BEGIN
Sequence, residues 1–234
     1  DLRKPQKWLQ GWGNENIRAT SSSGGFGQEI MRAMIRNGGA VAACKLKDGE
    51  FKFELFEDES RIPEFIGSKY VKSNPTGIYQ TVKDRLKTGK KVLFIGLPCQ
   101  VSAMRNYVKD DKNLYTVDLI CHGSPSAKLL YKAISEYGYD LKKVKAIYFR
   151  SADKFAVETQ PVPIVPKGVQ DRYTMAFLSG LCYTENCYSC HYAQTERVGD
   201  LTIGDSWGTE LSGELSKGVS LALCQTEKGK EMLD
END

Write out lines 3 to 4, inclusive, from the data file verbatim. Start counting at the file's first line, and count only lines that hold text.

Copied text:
    51  FKFELFEDES RIPEFIGSKY VKSNPTGIYQ TVKDRLKTGK KVLFIGLPCQ
   101  VSAMRNYVKD DKNLYTVDLI CHGSPSAKLL YKAISEYGYD LKKVKAIYFR